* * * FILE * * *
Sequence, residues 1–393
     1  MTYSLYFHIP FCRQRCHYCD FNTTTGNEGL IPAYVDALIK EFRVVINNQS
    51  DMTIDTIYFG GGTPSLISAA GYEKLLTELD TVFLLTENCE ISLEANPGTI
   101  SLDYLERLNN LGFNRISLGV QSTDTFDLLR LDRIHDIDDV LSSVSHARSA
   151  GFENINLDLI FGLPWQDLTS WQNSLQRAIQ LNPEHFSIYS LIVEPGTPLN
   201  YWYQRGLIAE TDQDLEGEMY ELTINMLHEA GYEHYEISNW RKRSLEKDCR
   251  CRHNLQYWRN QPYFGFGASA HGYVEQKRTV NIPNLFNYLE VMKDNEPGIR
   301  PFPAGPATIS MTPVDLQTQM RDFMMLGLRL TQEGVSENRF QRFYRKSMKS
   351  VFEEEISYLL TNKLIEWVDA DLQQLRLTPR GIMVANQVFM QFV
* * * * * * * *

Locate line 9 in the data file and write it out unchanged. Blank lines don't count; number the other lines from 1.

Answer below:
   351  VFEEEISYLL TNKLIEWVDA DLQQLRLTPR GIMVANQVFM QFV